6 Ways You Can Prepare Yourself and Your Manuscript for Success

Today’s guest post is by novelist Karen Pashley:

Traveling the writers’ road for the first time? Rest assured, you are in good company. Every single author whose books grace your shelves once walked the very path you are on.

If you’re like me, you may have days when you question the journey. You procrastinate, get frustrated, and endure gut-wrenching rejections. Will you continue? Will you have what it takes to shed those moments of hopelessness and press on?

Here are suggestions to help you avoid some of those potholes on the highway and encourage you to make it all the way to your destination.

1. Get Inspired

  •  Start your day with something that inspires you before you write a single word. I like to listen to my favorite inspirational speaker while walking on my treadmill. You might listen to your favorite songs, take your dog for a walk, or play the guitar. Paint something. Order one of those fancy cappuccinos with the heart drawn in the foam and enjoy it in the solitude of a corner booth. Whatever works for you.
  •  Keep a Victories Journal. Met your word count for the day? Jot it down. Received an encouraging comment on your work? Write it verbatim! Resolved a pesky plot issue? That’s worthy of a note in your journal. Keeping a list of your mini victories can be the shot in the arm you need when the world looks gray and your pages look like gibberish. Make journaling a habit, and you’ll be amazed at how many positives you’ll record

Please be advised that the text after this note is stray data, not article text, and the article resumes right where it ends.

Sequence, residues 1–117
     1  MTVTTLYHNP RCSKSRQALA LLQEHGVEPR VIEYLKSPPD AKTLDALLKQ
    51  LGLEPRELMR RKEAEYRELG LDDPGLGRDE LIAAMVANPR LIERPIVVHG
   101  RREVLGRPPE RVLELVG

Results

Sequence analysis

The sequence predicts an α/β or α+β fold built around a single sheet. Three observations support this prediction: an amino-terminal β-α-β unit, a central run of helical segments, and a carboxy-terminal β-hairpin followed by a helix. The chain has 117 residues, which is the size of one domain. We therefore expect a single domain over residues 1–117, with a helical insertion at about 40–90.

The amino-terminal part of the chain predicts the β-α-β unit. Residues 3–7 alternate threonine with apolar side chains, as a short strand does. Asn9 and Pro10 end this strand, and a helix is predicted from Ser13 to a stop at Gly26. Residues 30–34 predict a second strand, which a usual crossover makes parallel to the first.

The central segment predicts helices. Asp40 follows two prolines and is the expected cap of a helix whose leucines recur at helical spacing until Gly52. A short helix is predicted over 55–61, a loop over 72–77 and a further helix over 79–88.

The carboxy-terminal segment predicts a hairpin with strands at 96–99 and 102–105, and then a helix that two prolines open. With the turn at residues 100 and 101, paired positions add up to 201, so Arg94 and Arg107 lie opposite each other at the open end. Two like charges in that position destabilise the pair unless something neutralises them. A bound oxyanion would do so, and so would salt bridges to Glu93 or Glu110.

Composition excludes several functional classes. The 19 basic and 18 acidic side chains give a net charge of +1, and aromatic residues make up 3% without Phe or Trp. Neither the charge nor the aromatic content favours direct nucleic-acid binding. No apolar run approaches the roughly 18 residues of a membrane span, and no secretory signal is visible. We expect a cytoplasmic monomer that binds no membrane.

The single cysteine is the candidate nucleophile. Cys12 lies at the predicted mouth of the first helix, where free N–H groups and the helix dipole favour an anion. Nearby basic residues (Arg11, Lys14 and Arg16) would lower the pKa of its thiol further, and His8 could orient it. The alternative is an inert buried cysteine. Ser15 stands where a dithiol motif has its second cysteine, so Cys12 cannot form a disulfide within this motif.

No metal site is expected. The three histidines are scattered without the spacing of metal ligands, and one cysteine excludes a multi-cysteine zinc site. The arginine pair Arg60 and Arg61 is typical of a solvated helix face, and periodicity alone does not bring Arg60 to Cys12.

• Read excerpts from your favorite books. Sometimes, my creativity is as rusty as the Tin Man in The Wizard of Oz. My mind squeaks, “Oil can . . . oil . . . can” as I stare at the computer screen, fingers at the ready, and . . . nothing.

What to do? Eat some M&Ms? Down another cup of coffee? Give up and try again later? I find it helps to pull out a favorite novel and immerse myself in the prose of someone whose writing I adore. I’ll read for a bit, marveling at the author’s vivid picture-painting, her mastery of dialog. I’ll ponder her brave rule-breaking sentences with wide-eyed admiration, amazed that she had the audacity to write something so captivating.

With my creative tank refueled, I’ll thank my trusty books for coaxing me back into my own imaginary world, where words flow without self getting in their way, and where I again find my voice.

 2. Learn How to Network

How are you supposed to network when you don’t know anyone in the business? And you’re an introvert—a writer, not a social butterfly.

You’ve got to be on the lookout for opportunities. Be bold.

  • Reach out to an author through her website or after a reading. I’ve been referred to agents just by introducing myself to an author after a reading and mentioning that I was preparing my query.